Sonria Dental is a periodontal surgery London and gum disease specialist Central London. A healthy mouth is colonised by 200 to 300 bacterial species. Most of this bacteria are completely harmless and live in harmony in your mouth. However, when tooth cleaning is not thorough enough, the bacterial deposits build up next to the gums, forming a plaque. The conditions, therefore, gradually, become suitable for more dangerous bacteria to flourish, ultimately, compromising the body’s defences.
What is Periodontitis?
Periodontitis, often known as ‘gum disease’, is one of the most common human diseases. Gum disease is a very common condition in which the gums and deeper periodontal supporting structures become inflamed. This inflammation of the gums, which usually takes the form of redness, swelling and a tendency to bleed during tooth brushing, is the body’s response to periodontal bacteria that have been allowed to accumulate on the teeth.
The inflammation of the gums and supporting structures is the body’s defence system. However, this inflammatory response can eventually cause serious damage. If left unchecked, the inflammation can spread down below the gums and along the roots of the teeth, causing destruction of the periodontal ligament and the supporting bone. This ultimately leads to the loosening and potential loss of the teeth.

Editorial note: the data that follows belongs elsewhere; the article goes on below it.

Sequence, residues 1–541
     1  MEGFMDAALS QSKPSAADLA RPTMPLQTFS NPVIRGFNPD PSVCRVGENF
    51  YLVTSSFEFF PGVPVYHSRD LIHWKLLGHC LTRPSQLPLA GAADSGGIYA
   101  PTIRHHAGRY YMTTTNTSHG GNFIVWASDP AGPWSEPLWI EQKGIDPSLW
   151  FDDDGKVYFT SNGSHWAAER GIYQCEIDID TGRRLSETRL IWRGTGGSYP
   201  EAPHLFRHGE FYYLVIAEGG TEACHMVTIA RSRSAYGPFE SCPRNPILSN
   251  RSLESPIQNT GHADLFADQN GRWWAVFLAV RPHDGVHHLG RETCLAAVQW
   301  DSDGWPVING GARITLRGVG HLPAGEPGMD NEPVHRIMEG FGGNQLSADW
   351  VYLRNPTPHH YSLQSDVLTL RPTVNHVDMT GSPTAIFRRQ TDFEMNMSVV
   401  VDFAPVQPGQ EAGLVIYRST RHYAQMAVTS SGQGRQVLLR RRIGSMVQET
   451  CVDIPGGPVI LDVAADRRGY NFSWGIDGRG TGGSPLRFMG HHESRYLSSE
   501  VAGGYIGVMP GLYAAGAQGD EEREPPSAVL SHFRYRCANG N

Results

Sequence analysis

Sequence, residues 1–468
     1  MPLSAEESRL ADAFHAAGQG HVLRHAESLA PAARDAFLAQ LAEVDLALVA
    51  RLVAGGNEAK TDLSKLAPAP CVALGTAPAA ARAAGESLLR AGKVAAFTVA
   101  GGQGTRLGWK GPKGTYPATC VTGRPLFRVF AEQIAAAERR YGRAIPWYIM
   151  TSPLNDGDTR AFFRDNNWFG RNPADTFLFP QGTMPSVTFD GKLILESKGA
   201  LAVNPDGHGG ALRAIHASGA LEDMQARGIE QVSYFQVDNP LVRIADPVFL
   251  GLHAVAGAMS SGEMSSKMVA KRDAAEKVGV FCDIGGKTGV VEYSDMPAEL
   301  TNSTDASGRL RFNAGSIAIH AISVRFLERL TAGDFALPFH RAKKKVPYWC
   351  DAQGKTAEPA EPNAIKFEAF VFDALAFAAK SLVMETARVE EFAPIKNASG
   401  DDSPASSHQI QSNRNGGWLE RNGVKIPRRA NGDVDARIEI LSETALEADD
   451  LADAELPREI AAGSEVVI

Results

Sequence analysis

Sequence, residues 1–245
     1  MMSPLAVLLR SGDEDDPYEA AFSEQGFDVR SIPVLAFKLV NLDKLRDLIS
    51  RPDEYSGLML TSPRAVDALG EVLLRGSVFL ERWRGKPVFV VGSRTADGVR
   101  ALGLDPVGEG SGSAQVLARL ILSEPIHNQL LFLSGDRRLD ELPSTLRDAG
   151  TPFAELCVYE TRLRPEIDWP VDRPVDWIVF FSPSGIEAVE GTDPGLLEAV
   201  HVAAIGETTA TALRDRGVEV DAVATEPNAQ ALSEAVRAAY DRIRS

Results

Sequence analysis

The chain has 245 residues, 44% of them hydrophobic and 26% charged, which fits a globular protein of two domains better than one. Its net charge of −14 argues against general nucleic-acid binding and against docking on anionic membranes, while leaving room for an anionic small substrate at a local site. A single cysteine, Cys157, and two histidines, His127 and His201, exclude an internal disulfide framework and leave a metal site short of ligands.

How does periodontal bacteria build up?
Although periodontal bacteria is naturally present in the mouth, they are only harmful when the conditions are right for them to increase in numbers. This bacteria, however, will build up in numbers when layers of bacteria and food debris, known as plaque, is left undisturbed on the teeth, commonly in hard-to-reach areas such as between the teeth. Here, the more dangerous bacteria are able to thrive, producing harmful by-products that cause inflammation of the gums. This inflammation is referred to as gingivitis.
Symptoms of Periodontitis:
Periodontitis begins with gingivitis (inflammation of the gums);
Gums that feel tender when touched;
Bleeding from the gums when you brush your teeth, eat, or even spontaneously;
Discoloured layer of bacterial plaque on the teeth;
Changes in the positioning of the teeth;
Pus between your teeth and gums;
Gum recession; and
Pain in the mouth, teeth, and/or jaw.
Please note – bleeding from the gums may be less noticeable in smokers!
What happens if bacterial plaque is not removed?